Empty shelves are being reported Scotland stores as shortages brought by delivery glitches start to affect retailers. 

Shoppers have been urged not to panic buy as gaps on the shelves appear, with bosses of the UK's biggest chains saying they were and occurring in pockets.

The Asda store in Dunfermilne, Fife and Sainsburries in Kinross, Perthshire, are among shops affected by problems with the delivery chain, which is being blamed on the “pingdemic”, a lack of of HGV drivers and the hot weather.

HeraldScotland:

Empty shelves have been appearing around the country

A Co-op spokesman said: “We are sorry that we are running low on some products. Like many retailers, we are impacted by some patchy disruption to our deliveries and store operations but we are working closely with our suppliers to get re-stocked quickly.”

READ MORE: Minister slapped down by No 10 for suggesting Covid app 'ping' can be ignored

A Sainsbury’s spokeswoman said: “We are working hard to ensure customers can find what they need.

“While we might not always have the exact product a customer is looking for in every store, large quantities of products are being delivered to stores daily and our colleagues are focused on getting them on to the shelves as quickly as they can.”

HeraldScotland:

Low salad stocks at a supermarket in Kinross...

HeraldScotland:  ...and on the fish counter

Tesco confirmed that it had plenty of food and deliveries arriving across the UK every day.

However sporadic disruption from the industry-wide shortage of HGV drivers and an increase in staff self-isolating on a precautionary basis was leading to pockets of temporary low availability across a small number of products.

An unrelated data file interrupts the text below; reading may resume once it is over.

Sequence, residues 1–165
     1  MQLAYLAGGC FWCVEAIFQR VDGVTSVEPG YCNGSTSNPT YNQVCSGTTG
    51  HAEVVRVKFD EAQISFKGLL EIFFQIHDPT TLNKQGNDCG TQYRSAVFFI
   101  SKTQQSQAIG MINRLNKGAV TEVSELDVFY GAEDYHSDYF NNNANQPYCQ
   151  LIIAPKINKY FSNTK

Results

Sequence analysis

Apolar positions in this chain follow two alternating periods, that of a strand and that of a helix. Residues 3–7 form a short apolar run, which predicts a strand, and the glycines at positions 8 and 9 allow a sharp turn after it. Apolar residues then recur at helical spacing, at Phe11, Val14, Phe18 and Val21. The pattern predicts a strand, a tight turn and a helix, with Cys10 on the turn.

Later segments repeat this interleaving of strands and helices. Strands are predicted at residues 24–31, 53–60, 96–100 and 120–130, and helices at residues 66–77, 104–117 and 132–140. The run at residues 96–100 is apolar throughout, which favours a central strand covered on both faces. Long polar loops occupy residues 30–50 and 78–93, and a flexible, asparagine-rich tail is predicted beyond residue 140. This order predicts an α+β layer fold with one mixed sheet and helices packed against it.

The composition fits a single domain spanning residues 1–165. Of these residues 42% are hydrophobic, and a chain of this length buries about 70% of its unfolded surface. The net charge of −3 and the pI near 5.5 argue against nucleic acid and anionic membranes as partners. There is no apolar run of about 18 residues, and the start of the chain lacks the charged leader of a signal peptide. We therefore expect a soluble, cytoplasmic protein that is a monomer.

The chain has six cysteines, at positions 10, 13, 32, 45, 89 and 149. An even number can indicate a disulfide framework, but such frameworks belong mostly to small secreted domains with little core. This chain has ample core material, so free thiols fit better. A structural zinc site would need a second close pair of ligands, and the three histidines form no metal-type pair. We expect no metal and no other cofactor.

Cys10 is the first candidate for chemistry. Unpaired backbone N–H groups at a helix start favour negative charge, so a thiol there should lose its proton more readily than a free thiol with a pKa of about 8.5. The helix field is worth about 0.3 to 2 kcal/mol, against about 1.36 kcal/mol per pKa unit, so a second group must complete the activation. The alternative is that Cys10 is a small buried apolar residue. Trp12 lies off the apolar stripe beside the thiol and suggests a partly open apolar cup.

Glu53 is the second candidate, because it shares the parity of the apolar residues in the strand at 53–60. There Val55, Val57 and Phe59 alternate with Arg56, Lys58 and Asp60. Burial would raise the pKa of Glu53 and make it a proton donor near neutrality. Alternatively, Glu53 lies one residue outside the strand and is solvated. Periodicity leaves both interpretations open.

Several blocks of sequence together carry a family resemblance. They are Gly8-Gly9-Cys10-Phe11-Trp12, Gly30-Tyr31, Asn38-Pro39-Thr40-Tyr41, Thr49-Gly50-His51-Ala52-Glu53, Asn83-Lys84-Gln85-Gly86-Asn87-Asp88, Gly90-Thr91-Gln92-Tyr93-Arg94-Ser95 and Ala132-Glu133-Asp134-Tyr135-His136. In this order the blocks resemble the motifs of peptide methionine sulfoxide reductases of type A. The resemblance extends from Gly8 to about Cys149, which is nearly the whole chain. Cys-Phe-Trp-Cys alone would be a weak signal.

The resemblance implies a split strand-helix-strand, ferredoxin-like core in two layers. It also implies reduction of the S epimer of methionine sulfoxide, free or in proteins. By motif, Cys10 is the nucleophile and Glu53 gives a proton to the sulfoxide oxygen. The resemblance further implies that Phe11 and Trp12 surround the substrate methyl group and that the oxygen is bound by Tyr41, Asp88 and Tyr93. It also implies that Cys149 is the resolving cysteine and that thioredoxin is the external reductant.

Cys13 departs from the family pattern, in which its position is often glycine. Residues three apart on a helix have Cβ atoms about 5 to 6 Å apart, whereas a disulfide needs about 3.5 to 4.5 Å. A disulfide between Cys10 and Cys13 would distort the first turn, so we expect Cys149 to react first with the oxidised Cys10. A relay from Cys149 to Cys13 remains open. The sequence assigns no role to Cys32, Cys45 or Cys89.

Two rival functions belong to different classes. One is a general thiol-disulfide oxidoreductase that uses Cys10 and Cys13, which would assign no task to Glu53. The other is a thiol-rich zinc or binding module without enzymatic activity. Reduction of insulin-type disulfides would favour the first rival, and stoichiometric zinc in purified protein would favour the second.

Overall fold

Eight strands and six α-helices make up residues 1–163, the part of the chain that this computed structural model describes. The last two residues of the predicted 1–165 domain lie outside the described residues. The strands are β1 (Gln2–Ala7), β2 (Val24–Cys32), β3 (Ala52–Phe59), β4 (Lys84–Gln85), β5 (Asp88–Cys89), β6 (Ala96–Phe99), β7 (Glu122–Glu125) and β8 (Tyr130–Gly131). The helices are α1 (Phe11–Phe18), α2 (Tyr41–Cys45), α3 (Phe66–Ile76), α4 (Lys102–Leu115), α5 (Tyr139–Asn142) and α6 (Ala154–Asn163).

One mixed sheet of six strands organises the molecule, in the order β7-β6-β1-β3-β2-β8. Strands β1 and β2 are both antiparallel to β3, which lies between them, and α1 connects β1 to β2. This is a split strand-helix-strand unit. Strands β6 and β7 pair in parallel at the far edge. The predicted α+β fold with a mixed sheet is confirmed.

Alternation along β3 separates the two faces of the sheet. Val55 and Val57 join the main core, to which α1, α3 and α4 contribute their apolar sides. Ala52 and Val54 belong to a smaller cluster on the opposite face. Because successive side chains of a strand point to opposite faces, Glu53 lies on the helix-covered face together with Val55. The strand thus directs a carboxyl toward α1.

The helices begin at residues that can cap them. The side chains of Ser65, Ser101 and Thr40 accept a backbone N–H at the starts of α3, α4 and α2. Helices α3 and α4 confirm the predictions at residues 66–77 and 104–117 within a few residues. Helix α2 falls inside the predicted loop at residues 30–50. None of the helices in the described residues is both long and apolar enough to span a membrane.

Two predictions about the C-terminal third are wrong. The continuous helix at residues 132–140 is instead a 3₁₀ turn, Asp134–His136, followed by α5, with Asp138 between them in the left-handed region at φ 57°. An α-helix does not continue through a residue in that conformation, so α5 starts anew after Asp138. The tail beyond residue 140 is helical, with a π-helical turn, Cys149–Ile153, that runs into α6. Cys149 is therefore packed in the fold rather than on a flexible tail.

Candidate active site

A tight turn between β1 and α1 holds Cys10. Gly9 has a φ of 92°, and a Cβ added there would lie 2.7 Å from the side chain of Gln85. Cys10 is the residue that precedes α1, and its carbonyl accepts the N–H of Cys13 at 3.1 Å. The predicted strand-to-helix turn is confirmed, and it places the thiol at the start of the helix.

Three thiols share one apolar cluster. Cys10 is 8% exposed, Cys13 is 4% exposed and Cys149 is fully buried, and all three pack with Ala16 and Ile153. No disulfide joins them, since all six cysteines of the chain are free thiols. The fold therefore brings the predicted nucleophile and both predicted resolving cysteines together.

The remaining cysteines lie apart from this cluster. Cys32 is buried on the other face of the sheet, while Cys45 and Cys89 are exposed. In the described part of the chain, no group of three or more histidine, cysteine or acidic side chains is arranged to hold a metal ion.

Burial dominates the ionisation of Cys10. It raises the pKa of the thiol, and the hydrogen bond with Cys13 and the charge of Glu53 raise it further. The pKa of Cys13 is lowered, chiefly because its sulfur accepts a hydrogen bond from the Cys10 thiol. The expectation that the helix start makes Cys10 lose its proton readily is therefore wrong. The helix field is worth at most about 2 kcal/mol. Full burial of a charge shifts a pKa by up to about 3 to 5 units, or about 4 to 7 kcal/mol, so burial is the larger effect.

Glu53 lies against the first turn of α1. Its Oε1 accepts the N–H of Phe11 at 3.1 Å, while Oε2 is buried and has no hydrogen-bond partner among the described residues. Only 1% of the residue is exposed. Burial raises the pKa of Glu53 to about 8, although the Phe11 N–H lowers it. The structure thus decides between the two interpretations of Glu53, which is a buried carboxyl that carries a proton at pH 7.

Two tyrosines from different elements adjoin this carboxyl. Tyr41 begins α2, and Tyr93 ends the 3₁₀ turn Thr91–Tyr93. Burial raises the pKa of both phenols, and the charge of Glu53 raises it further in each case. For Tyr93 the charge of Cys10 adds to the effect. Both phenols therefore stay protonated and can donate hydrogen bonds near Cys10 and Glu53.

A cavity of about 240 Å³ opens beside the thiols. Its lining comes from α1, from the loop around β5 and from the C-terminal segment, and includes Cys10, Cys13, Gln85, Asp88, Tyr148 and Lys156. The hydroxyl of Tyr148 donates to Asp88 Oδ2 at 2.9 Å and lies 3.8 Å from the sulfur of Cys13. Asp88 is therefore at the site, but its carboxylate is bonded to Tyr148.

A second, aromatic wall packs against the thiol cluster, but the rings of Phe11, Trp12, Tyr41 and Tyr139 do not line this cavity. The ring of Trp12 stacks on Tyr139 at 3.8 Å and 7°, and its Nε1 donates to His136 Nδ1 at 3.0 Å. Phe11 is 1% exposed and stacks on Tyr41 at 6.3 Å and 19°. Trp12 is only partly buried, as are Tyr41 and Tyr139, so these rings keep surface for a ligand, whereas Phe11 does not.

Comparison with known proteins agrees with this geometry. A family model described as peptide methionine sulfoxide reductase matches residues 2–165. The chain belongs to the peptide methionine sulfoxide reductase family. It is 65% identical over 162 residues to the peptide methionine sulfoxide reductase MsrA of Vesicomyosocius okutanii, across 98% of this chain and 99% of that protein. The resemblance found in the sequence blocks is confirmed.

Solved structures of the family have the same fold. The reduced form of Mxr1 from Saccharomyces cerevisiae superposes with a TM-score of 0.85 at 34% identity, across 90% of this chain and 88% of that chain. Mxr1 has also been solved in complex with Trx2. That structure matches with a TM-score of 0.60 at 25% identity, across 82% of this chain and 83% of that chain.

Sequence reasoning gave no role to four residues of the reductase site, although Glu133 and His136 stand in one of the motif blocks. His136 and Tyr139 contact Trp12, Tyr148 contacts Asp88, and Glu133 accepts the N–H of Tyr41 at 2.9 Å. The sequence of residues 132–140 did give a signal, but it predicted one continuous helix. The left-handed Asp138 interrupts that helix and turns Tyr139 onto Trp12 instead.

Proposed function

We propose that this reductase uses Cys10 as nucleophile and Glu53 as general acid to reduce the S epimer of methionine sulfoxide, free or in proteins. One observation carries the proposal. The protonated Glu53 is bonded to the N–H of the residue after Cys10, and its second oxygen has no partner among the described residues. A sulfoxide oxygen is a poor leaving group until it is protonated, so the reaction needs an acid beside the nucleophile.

Iceland managing director Richard Walker has said staff absence rates are now double the usual number, with the figure rising 50% “week on week” due to people being told to self-isolate by the NHS app.

Mr Walker told the Radio 4’s Today programme: “We’ve now got over 1,000 staff off, who’ve been pinged. That’s double the normal rates, and it’s rising at 50% week on week.

“Our big concern is that we’ve kept all of our shops open throughout the pandemic, but now we have had to close one or two shops and reduce hours in others.

“But that could get a lot worse a lot quicker, unless the country’s system is sorted out.”

Mr Walker urged shoppers not to panic buy, saying: “There is certainly no problem with supply of stock.

“Panic-buying is only an option for those who can afford it and it often means that others go without.”

HeraldScotland:

Water was in short supply at this store

Elsewhere, sandwich chain Pret A Manger has temporarily closed 17 shops due to staff being forced to self-isolate.

The head of the British Retail Consortium, Helen Dickinson, has suggested rules around self-isolation could be amended for people working in food supply chains following rising levels of staff absence.

READ MORE: Shoppers told not to panic as retailers raise concerns

Ms Dickinson suggested to BBC Breakfast that bringing forward the date double-vaccinated people will not need to self-isolate if they come into contact with a Covid-19 case could be one solution.

“There are some pilots for tested release for businesses and people who get paid to test themselves and then released back into their workplace, those pilots could be extended or that could be a new system,” Ms Dickinson said.